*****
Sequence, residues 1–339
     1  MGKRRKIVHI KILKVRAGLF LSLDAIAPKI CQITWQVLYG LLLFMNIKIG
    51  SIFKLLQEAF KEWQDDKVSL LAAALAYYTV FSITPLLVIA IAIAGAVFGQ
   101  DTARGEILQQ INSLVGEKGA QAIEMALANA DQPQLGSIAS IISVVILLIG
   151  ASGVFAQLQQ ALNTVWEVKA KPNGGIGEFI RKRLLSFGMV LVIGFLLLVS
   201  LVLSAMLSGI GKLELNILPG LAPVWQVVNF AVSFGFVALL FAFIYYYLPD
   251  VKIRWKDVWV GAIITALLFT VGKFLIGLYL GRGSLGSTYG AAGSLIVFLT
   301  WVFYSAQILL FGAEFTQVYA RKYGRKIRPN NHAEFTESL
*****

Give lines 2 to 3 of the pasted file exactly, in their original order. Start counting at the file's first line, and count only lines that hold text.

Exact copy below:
     1  MGKRRKIVHI KILKVRAGLF LSLDAIAPKI CQITWQVLYG LLLFMNIKIG
    51  SIFKLLQEAF KEWQDDKVSL LAAALAYYTV FSITPLLVIA IAIAGAVFGQ